Actually, the flat expansion hazard is only for post-WWII expansions; the prewar expansion hazard is sharply increasing. Here's how they compare (copied from Glenn's FRBSFLetter):
Perhaps the massive difference is due to "good policy", that is, post-war policy success in "keeping expansions alive". Or perhaps it's just "good luck" -- but it's so big and systematic that luck alone seems an unlikely explanation.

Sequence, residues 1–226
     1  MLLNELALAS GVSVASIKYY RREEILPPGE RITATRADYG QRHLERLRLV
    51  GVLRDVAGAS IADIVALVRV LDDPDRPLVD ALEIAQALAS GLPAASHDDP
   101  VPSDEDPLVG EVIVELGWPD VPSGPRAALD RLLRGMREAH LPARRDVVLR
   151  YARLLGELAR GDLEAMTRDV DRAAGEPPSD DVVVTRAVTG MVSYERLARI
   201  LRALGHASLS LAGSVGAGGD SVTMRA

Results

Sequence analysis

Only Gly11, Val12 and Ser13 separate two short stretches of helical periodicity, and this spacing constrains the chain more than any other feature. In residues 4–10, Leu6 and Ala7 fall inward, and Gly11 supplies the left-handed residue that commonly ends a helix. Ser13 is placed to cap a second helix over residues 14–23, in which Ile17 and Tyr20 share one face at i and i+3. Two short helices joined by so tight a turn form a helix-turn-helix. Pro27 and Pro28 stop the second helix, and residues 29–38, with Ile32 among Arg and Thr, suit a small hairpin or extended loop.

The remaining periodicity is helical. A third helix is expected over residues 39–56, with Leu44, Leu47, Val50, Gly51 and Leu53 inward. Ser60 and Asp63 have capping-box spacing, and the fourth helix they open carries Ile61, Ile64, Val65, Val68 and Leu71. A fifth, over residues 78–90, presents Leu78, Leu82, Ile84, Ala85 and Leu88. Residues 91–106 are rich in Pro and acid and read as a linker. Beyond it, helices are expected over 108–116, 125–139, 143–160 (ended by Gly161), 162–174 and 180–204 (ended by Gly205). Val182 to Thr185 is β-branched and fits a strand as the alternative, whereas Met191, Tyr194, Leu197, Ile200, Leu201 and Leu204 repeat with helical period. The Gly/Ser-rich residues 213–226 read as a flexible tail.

For more on all this, and to see the equally-fascinating and very different results for recession hazards, see Diebold, Rudebusch and Sichel (1992), which I consider to be the best statement of our work in the area.
[Footnote: I wrote this post about three days ago, intending to release it next week. I just learned that The Economist (May 21st issue) also reports on the Rudebusch FRBSF Letter (see http://www.economist.com/news/finance-and-economics/21699124-when-periods-economic-growth-come-end-old-age-rarely-blame-murder), so I'm releasing it early. Interesting that both The Economist and I are not only slow -- Glenn sent me his Letter in February, when it was published! -- but also identically slow.]